What is Apple’s Intelligent Tracking Prevention and how will it affect ad targeting and user tracking?

What is Apple’s Intelligent Tracking Prevention and how will it affect ad targeting and user tracking?

Following an earlier announcement that Safari will prevent cross-site tracking, Apple has revealed that the new version of the browser will now include a feature called Intelligent Tracking Prevention.

Back at the beginning of June, Apple Senior VP, Craig Federighi said that the incoming initiative would use machine-learning to stop trackers from following users as they move from website to website. As Marketing Land reports, this includes both third-party trackers and ad trackers, such as those used for Remarketing campaigns.

As their latest announcement reveals, Apple’s Intelligent Tracking Prevention will do this by providing a new built-in 24-hour window. This means that although information will still be collected on resource loads and user interactions (including clicks and text entries), the system will determine which cookies will be able to track user activity across sites, and these will only remain available for one day in third-party contexts.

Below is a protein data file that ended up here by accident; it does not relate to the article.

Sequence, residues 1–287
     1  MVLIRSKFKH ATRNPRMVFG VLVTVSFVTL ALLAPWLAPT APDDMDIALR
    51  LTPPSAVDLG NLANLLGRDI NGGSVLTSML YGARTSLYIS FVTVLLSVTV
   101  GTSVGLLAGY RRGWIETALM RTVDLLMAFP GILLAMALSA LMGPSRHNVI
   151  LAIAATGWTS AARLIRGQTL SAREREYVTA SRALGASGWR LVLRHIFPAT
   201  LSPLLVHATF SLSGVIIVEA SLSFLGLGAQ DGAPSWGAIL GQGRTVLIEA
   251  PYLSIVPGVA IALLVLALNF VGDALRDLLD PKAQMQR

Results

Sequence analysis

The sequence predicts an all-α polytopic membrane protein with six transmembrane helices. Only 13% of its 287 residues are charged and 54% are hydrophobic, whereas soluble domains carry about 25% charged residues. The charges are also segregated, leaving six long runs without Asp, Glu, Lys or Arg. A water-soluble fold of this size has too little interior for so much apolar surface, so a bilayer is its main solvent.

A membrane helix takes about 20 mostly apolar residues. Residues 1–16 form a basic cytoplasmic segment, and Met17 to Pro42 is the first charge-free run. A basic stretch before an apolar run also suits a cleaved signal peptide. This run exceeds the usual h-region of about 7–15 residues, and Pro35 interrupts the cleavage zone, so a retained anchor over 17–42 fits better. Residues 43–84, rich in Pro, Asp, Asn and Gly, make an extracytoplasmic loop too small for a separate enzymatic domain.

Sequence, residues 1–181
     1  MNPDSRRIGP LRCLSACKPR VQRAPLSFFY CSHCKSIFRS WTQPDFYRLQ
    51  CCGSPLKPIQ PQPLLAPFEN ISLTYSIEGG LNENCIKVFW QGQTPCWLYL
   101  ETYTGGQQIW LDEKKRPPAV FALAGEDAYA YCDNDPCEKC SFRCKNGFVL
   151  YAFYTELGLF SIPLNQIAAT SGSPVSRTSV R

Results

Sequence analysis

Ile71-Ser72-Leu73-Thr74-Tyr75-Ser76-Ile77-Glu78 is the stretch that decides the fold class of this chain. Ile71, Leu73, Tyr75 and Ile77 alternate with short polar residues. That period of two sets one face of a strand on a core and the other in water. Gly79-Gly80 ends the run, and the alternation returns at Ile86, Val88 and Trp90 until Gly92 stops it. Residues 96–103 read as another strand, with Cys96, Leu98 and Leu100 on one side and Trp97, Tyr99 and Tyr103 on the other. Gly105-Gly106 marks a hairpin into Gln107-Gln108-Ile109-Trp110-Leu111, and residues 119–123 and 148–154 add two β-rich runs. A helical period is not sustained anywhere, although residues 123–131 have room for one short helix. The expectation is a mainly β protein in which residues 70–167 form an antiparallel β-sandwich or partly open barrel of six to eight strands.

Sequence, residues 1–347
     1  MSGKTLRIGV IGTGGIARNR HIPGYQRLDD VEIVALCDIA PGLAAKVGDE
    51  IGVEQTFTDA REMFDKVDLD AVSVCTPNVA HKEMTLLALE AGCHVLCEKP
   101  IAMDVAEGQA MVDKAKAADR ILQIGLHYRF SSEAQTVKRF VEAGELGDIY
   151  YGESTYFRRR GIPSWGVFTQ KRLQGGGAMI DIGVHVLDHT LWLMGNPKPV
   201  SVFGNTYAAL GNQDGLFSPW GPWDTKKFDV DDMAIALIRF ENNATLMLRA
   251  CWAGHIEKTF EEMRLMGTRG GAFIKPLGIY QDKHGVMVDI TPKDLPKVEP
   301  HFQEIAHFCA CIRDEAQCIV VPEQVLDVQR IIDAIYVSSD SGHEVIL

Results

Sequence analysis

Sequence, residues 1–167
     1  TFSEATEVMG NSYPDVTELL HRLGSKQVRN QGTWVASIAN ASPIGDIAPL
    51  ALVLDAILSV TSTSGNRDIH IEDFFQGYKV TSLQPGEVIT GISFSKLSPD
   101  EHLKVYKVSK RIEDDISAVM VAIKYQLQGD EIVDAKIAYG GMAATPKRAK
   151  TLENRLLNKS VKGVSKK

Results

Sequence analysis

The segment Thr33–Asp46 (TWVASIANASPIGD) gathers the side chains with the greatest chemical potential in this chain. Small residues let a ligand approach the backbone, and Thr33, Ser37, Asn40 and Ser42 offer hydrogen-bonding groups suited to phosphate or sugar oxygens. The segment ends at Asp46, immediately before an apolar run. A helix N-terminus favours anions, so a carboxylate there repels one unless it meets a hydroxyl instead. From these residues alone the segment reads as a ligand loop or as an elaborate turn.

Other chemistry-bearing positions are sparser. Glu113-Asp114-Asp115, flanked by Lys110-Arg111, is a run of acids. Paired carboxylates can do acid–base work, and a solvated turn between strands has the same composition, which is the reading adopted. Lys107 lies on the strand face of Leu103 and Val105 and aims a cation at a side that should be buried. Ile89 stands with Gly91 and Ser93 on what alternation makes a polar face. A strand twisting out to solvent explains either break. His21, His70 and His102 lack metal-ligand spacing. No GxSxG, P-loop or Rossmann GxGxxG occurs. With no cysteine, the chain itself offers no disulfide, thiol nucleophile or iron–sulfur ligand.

The cookie will then be partitioned so that it can be referenced for login data for 30 days, although it won’t be able to be used for cross-site tracking. After this 30-day period has ended, the cookie will be purged to prevent it from collecting any more new data.

Although no specific dates have been confirmed yet, we do know that Intelligence Tracking Prevention will be included in the next desktop version of Safari. This will be available in macOS High Sierra, which will be released in autumn. It will also become a standard part of Safari browsing.

The TJM take: Apple’s Intelligence Tracking Prevention will work somewhat similarly to an ad blocker, which is likely to appeal to a lot of users. Is this a clever tactic to boost their (slightly) troubled hardware sales?

We see the big winners as being the in app marketers. As Marketing Land also points out, the new feature will give Facebook and Google a bigger advantage over other tech companies. As they explain, this is because “daily visits to Google services will keep its tracking capabilities persistent”, while Facebook users’ activity is mostly in-app (and can therefore still be tracked by the platform).

Our take is that this may create a mad scramble for the first day interactions which will push up costs dramatically; in fact, we even think this will be an issue for Google search. This is because the cookies would still be blocked as Google use is rarely ‘in-app’.

We also forecast needing An ‘apple’ and ‘non-Apple’ campaign structure. Yawn…

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